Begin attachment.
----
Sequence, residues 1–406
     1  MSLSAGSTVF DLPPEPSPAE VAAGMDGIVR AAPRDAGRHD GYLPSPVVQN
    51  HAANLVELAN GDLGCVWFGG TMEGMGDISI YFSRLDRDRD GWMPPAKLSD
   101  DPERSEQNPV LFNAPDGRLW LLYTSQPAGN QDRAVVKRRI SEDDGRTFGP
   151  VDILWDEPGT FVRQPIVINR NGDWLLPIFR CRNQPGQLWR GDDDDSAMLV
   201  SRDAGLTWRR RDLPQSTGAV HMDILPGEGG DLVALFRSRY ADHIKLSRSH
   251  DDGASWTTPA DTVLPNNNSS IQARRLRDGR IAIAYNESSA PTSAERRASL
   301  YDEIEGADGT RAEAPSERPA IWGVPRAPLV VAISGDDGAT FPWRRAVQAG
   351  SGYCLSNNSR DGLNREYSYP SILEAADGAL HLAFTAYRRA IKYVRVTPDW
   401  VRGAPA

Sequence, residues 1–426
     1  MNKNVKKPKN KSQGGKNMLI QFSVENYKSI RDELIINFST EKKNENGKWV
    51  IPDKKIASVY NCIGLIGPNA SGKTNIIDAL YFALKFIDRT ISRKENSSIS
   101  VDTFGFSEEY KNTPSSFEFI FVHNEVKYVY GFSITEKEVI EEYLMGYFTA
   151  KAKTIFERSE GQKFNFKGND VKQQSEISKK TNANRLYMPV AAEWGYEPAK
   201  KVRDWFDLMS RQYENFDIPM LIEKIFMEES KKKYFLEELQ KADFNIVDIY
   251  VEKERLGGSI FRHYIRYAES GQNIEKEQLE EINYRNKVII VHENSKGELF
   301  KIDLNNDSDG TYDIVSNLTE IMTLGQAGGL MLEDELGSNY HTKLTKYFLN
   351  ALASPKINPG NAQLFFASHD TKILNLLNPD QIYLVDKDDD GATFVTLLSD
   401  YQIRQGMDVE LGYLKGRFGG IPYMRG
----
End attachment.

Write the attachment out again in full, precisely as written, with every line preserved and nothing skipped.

Sequence, residues 1–406
     1  MSLSAGSTVF DLPPEPSPAE VAAGMDGIVR AAPRDAGRHD GYLPSPVVQN
    51  HAANLVELAN GDLGCVWFGG TMEGMGDISI YFSRLDRDRD GWMPPAKLSD
   101  DPERSEQNPV LFNAPDGRLW LLYTSQPAGN QDRAVVKRRI SEDDGRTFGP
   151  VDILWDEPGT FVRQPIVINR NGDWLLPIFR CRNQPGQLWR GDDDDSAMLV
   201  SRDAGLTWRR RDLPQSTGAV HMDILPGEGG DLVALFRSRY ADHIKLSRSH
   251  DDGASWTTPA DTVLPNNNSS IQARRLRDGR IAIAYNESSA PTSAERRASL
   301  YDEIEGADGT RAEAPSERPA IWGVPRAPLV VAISGDDGAT FPWRRAVQAG
   351  SGYCLSNNSR DGLNREYSYP SILEAADGAL HLAFTAYRRA IKYVRVTPDW
   401  VRGAPA

Sequence, residues 1–426
     1  MNKNVKKPKN KSQGGKNMLI QFSVENYKSI RDELIINFST EKKNENGKWV
    51  IPDKKIASVY NCIGLIGPNA SGKTNIIDAL YFALKFIDRT ISRKENSSIS
   101  VDTFGFSEEY KNTPSSFEFI FVHNEVKYVY GFSITEKEVI EEYLMGYFTA
   151  KAKTIFERSE GQKFNFKGND VKQQSEISKK TNANRLYMPV AAEWGYEPAK
   201  KVRDWFDLMS RQYENFDIPM LIEKIFMEES KKKYFLEELQ KADFNIVDIY
   251  VEKERLGGSI FRHYIRYAES GQNIEKEQLE EINYRNKVII VHENSKGELF
   301  KIDLNNDSDG TYDIVSNLTE IMTLGQAGGL MLEDELGSNY HTKLTKYFLN
   351  ALASPKINPG NAQLFFASHD TKILNLLNPD QIYLVDKDDD GATFVTLLSD
   401  YQIRQGMDVE LGYLKGRFGG IPYMRG